Asian shares up on Wall Street rise, bargain buying

Asian shares up on Wall Street rise, bargain buying

Hong Kong: Asian markets rebounded on Thursday as dealers picked up undervalued stocks following a recent sell-off while the first gain for the Dow in three days also provided some support.

The euro, which has been under pressure over concerns about the European nation’s debt problems, was also given a lift by comments from a Chinese central bank scholar that Beijing should buy more eurozone bonds.

Tokyo finished 1.48%, or 139.17 points, higher at 9,562.05, Sydney snapped a four-day losing streak to end 1.655, or 75.5 points, higher at 4,660.2 and Seoul jumped 2.75%, or 56.04 points, to 2,091.91.

Shanghai added 0.09% and Hong Kong rose 0.53% in the afternoon.

The rallies followed a Dow gain of 0.31% on Wednesday.

Resource firms were among those leading the gains as commodity prices began to rise, with oil rallying after Goldman Sachs and Morgan Stanley raised their 2012 forecasts for the cost of Brent to $130 a barrel.

The rises also came despite a surprising 600,000-barrel increase in US crude stockpiles in the week to 20 May, confounding analyst expectations of a fall.

New York’s main contract, light sweet crude for July delivery, gained 23 cents to $101.55 a barrel, building on gains in New York, while Brent North Sea crude for the same month was down seven cents to $114.86 in the afternoon.

Crude was also given a fillip by gains in equity markets, which indicated improving sentiment.

The gains came after big losses in recent sessions caused by worries over the European debt crisis and data from China suggesting the world’s number two economy was beginning to ease.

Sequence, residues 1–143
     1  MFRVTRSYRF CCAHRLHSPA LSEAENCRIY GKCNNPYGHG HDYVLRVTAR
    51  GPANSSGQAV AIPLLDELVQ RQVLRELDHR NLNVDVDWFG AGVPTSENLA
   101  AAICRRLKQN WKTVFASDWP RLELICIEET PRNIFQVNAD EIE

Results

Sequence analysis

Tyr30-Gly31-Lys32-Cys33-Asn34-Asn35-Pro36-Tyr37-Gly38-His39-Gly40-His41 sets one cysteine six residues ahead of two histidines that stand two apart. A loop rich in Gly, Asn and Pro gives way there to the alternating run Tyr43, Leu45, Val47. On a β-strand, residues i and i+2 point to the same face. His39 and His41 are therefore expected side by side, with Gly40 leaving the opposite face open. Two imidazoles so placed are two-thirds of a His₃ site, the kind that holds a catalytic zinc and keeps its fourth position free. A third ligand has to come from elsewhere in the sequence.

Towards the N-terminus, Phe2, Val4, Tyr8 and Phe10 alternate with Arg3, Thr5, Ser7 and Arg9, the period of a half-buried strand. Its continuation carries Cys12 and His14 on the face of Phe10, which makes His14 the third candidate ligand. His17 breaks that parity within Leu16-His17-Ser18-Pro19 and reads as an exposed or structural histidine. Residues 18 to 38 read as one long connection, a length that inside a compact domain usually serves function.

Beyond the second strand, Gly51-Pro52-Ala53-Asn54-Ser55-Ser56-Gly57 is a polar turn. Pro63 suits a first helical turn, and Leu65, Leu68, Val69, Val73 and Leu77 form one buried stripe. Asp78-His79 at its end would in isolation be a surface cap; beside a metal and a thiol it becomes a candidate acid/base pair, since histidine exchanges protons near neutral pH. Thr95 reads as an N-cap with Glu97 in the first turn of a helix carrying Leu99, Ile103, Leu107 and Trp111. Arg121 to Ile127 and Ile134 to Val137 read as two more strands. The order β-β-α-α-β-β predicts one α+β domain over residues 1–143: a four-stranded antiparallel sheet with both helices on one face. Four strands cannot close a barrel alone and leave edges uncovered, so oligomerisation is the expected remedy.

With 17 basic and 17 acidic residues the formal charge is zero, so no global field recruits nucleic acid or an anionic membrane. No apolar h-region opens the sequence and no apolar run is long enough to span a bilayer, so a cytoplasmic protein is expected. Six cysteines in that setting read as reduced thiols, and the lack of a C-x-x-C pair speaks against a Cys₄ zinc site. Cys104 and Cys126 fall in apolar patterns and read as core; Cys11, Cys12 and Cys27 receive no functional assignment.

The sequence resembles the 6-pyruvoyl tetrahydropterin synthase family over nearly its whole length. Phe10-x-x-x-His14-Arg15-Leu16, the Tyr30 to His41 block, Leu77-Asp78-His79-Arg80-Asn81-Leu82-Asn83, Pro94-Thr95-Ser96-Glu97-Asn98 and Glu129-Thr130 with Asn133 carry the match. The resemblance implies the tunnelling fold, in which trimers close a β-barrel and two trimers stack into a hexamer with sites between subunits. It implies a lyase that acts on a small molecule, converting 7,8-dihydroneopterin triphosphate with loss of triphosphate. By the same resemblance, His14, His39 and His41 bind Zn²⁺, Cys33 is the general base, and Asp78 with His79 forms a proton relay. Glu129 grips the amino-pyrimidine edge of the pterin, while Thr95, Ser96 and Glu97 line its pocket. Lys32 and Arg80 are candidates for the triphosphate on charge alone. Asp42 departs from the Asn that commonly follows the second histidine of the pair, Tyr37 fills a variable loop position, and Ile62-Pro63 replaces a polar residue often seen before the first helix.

In the eurozone the Greek debt crisis continues to unsettle after sharp exchanges between the European Central Bank, which opposes any restructuring of its obligations, and politicians hoping to find some way out of an impasse.

The downgrading of Athens’ debt rating by Fitch on Friday, the downgrading of Italy’s outlook by Standard & Poor’s and rising concern over Spain’s economy have also brought the European crisis back into focus.

However, despite the debt woes the euro rose in early trade after Wang Yong, a professor at the People’s Bank of China’s training institute, said Beijing should expand purchases of eurozone sovereign debt.

He also said China should increase direct investment into Europe. Such moves would help alleviate the global crisis, he added.

The comments sent the euro up to $1.4159 in afternoon Asian trade from $1.4083 late Wednesday in New York, while it gained to ¥115.83 from ¥115.40.

The dollar eased to ¥81.80 from ¥81.89 in New York.

Shanghai rose after a five-day sell-off caused by economic worries that were magnified by data showing a preliminary HSBC Purchasing Managers Index had slipped to a 10-month low, pointing to a slowdown in manufacturing.

In Tokyo, office equipment and camera maker Ricoh jumped 4.12% on a report in the Nikkei business daily that it was planning to sack 10,000 people worldwide as it tries to streamline.

After the markets closed, Japanese electronics and entertainment giant Sony reported its third annual loss in a row, but forecast a return to the black this year despite a huge online attack.

Sony confirmed that it suffered a net loss of ¥259.6 billion ($3.2 billion) in the year to March but said it expected a net profit of ¥80 billion for the fiscal year that ends in March 2012.

The electronics giant closed flat before the announcement.

Gold opened in Hong Kong at $1,525.00-$1,526.00 per ounce, up from Wednesday’s close of $1,523.00-$1,524.00.